Dr. Prakash Sharan Mahat
As we are in the process of preparation of annual budget, it is very timely and relevant to address huge resource gap in the development finance. We need enormous resources for financing SDGs, meeting infrastructure gap, addressing climate change challenges and attaining inclusive, broad-based and sustained economic growth.
The conventional wisdom has been that the responsibility of managing development finance lies solely with the government, based on the association of positive externalities, market failure and public goods.
However, the successful mobilization of innovative financing tools in similar economies such as Blended Finance, Green Bonds and Green Loans, among others, has taught us to share the state responsibility of resource mobilization by other actors including Development Finance Institutions and Private Institutions. The underlying principle, however, remains the same – collaboration to maximize development impact and increase welfare of the people.
Be that as it may, collaboration requires coordination and a streamlined discussion on how to increase the inflow of funds in the country. The macroeconomic data for the first nine months of current fiscal year, recently released by the Central Bank, does indicate that inward FDI flow is miniscule, at 34 million USD, compared to USD 142 Million USD in the same review period last fiscal year.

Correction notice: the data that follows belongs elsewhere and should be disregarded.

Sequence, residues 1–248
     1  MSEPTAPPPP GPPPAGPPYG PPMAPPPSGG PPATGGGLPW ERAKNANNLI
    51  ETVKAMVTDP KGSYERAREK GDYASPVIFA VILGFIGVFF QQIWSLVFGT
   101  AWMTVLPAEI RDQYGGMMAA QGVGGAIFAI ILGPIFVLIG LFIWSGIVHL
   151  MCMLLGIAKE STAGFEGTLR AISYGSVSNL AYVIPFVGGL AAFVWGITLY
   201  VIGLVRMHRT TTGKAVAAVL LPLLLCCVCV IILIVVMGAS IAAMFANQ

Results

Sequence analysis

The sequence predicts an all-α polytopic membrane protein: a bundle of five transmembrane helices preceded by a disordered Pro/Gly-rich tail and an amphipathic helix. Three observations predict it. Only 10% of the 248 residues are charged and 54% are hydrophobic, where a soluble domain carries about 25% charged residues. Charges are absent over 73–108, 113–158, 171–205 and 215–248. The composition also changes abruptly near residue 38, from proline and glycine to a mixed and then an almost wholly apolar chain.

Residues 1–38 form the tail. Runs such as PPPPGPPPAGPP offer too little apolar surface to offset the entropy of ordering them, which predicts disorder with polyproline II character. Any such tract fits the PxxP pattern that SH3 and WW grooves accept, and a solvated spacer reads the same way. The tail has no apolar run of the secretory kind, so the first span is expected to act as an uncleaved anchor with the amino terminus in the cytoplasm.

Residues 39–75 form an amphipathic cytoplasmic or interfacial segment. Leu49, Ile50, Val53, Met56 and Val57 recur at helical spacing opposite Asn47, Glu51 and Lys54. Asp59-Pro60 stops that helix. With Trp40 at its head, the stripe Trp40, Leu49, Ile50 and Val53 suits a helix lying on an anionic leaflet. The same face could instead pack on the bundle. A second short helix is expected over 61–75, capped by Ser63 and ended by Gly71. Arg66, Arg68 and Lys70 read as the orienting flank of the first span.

However, our monthly remittance inflow stands at about USD 700 Million and foreign exchange reserves at USD 10.9 Billion, sufficient to cover the prospective merchandise and service imports of 9.4 months. Let me inform you that the inflow of international finance has been historically low and quite volatile.
We are member of the WTO. We have adopted liberal economic policies for more than three decades. Our current account of balance of payments is convertible. Our currency is pegged with Indian rupees but for rest of the convertible currencies exchange rate is market determined.
Nepal is managing its macro economy with sufficiently focus on stability and resilience. With comfortable level of foreign debt and absence of any commercial international bonds, it is relatively safer from short term shocks and volatility as manifested by Nepal’s resilience in the global financial crisis of 2007.